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Re: Player Poll 2015: LET US NOW PRAISE FAMOUS DUFUSES

Post by Ike » Mon May 04, 2015 9:23 pm

vinteuil wrote:
Ike wrote: One of the reasons why I like ranking generalists higher is that I think they can easily transition to being specialists if given enough time.
That's interesting—why not the other way around (e.g. Eric, John)?
The short answer is that generalists are willing to learn all aspects of a category in order to stay competitive, while many specialists seem to don't care enough to learn outside of what's interests them - see Eric's remark about Saajid's purism for example. I think it's very easy to transition from a generalism model to specialism model in terms of studying - go learn all about one topic instead of many topic. The other way around is much harder, instead of learning all about lit, you now have to learn about Platonic dialogues, American elections, linguistics - yuck! to say the least - and I think many specialists just don't want to do the dirty work it takes to bring a team to a competitive level. The best generalists either learns them so that they are competent at them, finds teammates who will learn them, or ensures that they do learn them - that, to me, really counts for being a good "player." Furthermore, what I say about "sweat and glue" equity still stands, as a specialist, you're not the one being the glue, and it's not apparently obvious that you can be the glue.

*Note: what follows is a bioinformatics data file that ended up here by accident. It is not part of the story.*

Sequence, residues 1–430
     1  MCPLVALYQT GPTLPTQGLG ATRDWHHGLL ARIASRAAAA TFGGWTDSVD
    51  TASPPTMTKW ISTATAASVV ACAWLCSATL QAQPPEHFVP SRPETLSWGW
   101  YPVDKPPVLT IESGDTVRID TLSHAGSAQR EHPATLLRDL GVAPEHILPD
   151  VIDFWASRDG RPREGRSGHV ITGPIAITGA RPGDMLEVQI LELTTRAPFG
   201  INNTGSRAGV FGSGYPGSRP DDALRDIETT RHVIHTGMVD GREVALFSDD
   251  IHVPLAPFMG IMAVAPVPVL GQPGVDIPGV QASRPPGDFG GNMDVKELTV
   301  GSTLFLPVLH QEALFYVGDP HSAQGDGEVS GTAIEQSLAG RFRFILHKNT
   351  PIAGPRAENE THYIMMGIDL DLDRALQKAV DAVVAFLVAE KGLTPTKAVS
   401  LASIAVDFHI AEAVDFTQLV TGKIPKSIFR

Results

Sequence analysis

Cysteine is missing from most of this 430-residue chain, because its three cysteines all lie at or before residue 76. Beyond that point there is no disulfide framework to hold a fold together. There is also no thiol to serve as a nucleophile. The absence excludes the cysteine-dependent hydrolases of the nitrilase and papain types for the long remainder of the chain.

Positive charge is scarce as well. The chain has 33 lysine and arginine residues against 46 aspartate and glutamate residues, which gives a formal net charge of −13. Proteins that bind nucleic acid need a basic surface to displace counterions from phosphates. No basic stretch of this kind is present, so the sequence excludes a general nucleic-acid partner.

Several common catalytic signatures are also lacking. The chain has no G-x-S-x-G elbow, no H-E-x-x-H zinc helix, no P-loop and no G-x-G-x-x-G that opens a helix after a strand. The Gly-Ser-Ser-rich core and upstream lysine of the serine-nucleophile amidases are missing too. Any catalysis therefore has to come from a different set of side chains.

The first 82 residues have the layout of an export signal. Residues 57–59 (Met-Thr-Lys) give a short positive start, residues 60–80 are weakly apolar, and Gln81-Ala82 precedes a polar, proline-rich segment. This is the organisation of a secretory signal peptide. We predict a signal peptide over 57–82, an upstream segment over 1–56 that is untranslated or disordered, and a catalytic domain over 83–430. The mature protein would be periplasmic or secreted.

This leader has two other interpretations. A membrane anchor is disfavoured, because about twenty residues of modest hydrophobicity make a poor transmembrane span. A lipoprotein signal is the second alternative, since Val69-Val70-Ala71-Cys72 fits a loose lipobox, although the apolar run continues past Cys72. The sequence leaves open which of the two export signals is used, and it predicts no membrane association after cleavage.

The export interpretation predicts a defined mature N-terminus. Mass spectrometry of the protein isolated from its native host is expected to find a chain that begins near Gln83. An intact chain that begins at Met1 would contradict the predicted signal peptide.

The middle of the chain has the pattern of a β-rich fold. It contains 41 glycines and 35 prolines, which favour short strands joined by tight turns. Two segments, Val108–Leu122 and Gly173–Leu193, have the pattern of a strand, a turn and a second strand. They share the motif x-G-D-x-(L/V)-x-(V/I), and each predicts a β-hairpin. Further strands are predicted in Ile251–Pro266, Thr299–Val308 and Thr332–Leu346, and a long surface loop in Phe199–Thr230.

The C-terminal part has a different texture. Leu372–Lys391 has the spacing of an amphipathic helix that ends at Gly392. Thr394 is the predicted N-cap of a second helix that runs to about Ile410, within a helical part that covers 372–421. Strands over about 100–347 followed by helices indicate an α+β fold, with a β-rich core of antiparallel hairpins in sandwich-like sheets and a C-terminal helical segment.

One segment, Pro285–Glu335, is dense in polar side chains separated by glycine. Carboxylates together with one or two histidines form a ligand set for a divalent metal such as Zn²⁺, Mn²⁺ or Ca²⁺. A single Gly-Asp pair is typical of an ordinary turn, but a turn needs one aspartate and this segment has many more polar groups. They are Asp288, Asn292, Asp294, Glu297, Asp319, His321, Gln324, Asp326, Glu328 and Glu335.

Speaking from personal experience and also to plug the Wangster, if I were still at Illinois, Andrew Wang would be my new science player, he wouldn't need any of that generalism crap if I'm there - I'm sure you all agree that Andrew is a pretty great bio and chem player. But the fact that he was able to assemble three players, two of which put up negligible ppg before this year and get them into the nats top bracket is equally, if not more impressive than being a specialist.